In her new book, fashion editor and reformed hoarder Annmarie O’Connor shares how she went from impulse buyer to decluttering doyenne and reveals how it transformed her life.
My name is Annmarie O’Connor. I’m a fashion journalist, stylist and author of The Happy Closet — a self-help guide to balancing well-being and being well-dressed.
I help people transform their wardrobes from the inside out by applying targeted mindfulness techniques to declutter the hang-ups and habits that shape our closet happiness.
If you’re scratching your head wondering why anyone needs to improve the mood of their closet, ask yourself the following: Have you ever opened your closet doors and thought “I have nothing to wear”?
Have you ever gone to buy toothpaste and come home with a handbag? Have you ever felt compelled to justify said purchase to your partner, a family member, yourself? Have you ever stumbled across the same purchase a few weeks later only to question why you bought it?
If you can answer “yes” to even one of these scenarios then I think I can be of service. Why? Because I was once in your shoes.
You see, I may be a fashion professional by trade; but I’m also a reformed hoarder by habit. For years, I lived with the irony (and attendant shame) of having a closet full of clothes and nothing to wear. I was an official card-carrying Impulse Buyer — a need-it-now shopper hooked on the thrill of the moment with little regard for the bigger picture, until it greeted me in the form of a whopping credit card bill each month.
Enter shame’s evil twin — regret. My closet heaved with notice-me textures and attention-grabbing silhouettes — an altar to the person I thought I should be instead of who I really was. It was clear there was a gap (nay, a whopping chasm) between my real and imagined self. I chose persona over purpose; appearance over authenticity and fell foul of the consequences.
I was the personification of “fur coat; no knickers”, which made taking out the bins or going to the shops for a pint of milk rather interesting. Every time I opened my closet doors, I got a high-definition snapshot of personal insecurities from my need for external validation (those ‘ohs and ahs’ don’t come cheap, you know!) to my desire to feel unique.
My closet wasn’t happy. This was an irrefutable fact. Getting dressed had become a source of stress, mainly due to the emotional baggage I had collected and with every clear-out came the mockery of failed choices and the fiscal scar of negative wardrobe equity.
It was time to clean up my act. I knew that if were to create long-term fashion flow, I had to understand the hang-ups, driving the habits that were shaping my closet (un)happiness. As on the outside; so on the inside.
This ‘aha’ moment did more than sort out my own wardrobe woes; it inspired me to help others by writing this book. So, what’s in it for you?
Well, I thought you’d never ask! In this book you’ll find the tools to releasing the unconscious hoarding patterns behind my nine closet personalities: Impulse Buyer, Secret Shopper, Doomsday Prepper, Tired and Emotional, Black Widow, Split Personality, Irish Mammy, Sale Sniper and Perfect 9.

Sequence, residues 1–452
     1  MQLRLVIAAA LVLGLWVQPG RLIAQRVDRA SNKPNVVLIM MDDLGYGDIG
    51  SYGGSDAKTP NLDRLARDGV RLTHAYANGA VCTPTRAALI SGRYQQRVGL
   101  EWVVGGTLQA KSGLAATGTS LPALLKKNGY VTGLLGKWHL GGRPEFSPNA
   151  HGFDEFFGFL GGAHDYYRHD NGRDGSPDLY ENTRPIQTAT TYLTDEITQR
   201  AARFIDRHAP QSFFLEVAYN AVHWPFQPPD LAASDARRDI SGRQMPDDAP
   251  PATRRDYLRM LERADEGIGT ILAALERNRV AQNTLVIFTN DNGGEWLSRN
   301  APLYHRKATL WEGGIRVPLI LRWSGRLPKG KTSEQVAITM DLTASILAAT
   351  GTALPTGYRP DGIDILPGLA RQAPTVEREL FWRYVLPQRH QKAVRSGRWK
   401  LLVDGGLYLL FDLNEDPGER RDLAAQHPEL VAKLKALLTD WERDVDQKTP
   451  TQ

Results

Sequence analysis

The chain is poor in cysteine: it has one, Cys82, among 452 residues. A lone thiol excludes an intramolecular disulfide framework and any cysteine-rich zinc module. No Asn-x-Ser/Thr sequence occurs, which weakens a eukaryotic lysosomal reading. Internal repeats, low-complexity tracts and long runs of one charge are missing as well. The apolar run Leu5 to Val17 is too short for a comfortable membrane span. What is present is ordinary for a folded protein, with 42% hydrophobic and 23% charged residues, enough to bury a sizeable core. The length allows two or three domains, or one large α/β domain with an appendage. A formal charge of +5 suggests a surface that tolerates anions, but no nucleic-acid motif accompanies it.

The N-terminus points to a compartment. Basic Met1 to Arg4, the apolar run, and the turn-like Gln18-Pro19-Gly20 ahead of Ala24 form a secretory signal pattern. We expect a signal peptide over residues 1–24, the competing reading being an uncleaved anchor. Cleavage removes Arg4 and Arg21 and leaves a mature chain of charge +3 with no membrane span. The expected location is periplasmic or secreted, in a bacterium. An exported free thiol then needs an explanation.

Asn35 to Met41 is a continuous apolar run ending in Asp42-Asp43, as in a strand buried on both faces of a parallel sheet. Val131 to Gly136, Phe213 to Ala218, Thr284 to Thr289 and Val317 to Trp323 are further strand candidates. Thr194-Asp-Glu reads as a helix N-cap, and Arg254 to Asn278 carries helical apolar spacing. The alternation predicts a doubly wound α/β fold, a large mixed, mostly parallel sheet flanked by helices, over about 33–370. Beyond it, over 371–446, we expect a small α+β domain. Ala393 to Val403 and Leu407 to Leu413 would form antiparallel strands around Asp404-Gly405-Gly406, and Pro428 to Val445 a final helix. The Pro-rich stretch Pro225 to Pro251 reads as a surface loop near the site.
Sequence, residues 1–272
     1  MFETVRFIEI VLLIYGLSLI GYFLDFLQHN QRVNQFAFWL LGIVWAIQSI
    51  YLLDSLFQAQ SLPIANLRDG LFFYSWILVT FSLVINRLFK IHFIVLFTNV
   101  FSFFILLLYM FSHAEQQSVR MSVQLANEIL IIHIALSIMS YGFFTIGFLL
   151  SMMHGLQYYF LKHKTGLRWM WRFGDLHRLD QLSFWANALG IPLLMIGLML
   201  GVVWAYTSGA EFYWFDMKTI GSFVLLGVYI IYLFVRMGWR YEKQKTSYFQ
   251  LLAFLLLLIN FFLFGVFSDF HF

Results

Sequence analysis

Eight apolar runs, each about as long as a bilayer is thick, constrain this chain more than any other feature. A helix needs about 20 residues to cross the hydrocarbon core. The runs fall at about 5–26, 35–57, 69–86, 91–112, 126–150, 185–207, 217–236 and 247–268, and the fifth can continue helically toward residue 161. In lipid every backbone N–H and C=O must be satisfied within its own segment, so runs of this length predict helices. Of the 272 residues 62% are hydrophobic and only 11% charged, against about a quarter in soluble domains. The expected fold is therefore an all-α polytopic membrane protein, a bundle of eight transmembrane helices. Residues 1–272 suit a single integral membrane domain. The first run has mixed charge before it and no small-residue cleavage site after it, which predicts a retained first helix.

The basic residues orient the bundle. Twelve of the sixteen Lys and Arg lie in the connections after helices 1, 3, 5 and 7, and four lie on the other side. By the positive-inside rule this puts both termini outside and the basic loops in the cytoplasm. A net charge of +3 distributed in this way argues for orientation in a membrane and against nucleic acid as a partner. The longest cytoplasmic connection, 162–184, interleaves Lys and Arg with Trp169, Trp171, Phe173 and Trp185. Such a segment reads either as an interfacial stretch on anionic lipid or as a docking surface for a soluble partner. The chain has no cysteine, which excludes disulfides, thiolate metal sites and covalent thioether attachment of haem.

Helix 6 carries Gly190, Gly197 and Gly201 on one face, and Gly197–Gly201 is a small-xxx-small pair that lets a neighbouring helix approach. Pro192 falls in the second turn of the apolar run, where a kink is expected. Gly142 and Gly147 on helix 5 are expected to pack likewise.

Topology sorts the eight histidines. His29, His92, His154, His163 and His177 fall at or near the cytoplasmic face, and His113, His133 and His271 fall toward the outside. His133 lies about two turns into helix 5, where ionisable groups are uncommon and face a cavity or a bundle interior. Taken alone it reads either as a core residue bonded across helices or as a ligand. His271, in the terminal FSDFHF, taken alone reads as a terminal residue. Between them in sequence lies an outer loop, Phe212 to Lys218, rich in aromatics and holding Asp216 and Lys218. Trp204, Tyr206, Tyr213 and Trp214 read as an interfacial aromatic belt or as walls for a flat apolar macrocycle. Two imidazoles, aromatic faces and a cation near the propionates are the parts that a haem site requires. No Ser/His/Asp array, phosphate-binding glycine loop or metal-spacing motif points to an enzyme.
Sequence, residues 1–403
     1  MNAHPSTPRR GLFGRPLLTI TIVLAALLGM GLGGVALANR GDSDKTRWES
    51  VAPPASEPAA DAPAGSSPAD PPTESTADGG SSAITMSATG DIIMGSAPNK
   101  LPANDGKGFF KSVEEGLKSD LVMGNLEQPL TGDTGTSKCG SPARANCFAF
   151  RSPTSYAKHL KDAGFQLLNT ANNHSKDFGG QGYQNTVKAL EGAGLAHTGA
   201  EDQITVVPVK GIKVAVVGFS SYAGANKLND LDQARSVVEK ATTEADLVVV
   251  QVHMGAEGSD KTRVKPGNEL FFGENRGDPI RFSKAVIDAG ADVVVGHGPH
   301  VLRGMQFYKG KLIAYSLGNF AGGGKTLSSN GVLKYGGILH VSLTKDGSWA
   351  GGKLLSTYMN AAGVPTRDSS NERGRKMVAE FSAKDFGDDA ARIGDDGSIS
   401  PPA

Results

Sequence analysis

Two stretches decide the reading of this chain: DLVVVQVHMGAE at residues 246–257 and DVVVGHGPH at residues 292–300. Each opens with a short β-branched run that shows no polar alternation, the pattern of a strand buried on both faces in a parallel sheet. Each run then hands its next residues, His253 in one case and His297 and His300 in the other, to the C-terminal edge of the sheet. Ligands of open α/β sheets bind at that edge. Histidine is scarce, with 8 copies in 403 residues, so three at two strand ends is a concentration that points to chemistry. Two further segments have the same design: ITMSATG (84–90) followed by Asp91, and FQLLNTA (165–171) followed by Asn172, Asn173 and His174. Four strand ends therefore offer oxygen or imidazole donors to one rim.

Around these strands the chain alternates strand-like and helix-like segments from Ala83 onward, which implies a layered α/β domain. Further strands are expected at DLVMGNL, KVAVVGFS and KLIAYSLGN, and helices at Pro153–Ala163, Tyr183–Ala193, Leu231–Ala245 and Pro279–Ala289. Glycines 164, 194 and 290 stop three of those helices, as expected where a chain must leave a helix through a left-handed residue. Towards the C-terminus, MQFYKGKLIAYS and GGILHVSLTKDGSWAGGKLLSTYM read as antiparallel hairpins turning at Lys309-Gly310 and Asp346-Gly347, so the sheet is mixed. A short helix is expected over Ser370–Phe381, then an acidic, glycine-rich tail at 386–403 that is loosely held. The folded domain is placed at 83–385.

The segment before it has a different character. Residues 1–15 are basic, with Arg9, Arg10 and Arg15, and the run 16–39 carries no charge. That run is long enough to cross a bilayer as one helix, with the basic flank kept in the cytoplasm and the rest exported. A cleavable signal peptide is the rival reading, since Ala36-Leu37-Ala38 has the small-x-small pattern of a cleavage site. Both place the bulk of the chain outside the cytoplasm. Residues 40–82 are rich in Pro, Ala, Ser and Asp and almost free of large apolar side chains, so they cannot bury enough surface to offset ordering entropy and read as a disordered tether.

You’ll learn how habits shape wardrobe choices and why the female psyche is especially prone to stockpiling with tips on reframing buying behaviours and fielding retail tripwire. You’ll master the art of fending off fads, tackling trends, and facing up to the fashion bogeyman.
You’ll go from collecting to selecting with best practice tools on tackling procrastination, effective asset management and learning how to declutter like a pro. More
importantly, you’ll learn to dress the person you are — today. The result? What’s in your closet will add value, purpose, and flow to your current lifestyle. Not a bad deal if I do say so myself.
So where does mindfulness come into play, I hear you ask? Allow me to elaborate. Mindfulness isn’t as esoteric as it may seem. It’s simply a byword for “to pay closer attention”.
When we are mindful, we tune into our internal radar and heed our own needs. In becoming more actively conscious, we no longer take the role of passive or emotional shoppers. We make considered choices based on our own terms rather than the agendas of others.
Think you’re in control of your wardrobe? Let’s play a game. Why not look and see if you can remember the reason why you bought what’s on most of those hangers. Tags still intact? Never worn once? No recollection whatsoever? See what I mean?
The easiest way to manage choice and avoid the familiar pong of regret is in understanding what motivates you. It’s only in opening up those doors and sifting through the emotional baggage that real change can begin and a meaningful relationship can flourish.
Speaking of which.... Whether we care to admit it or not, we all have a relationship with clothing. Some of us have serious monogamous bonds; others, fast fashion flings, one-night stands, and online swipes never to be worn again; then there are those who take less emotional, more practical approach to getting dressed.
Whatever you’ve got going on, how you connect with what’s on the outside, all boils down to what’s happening on the inside.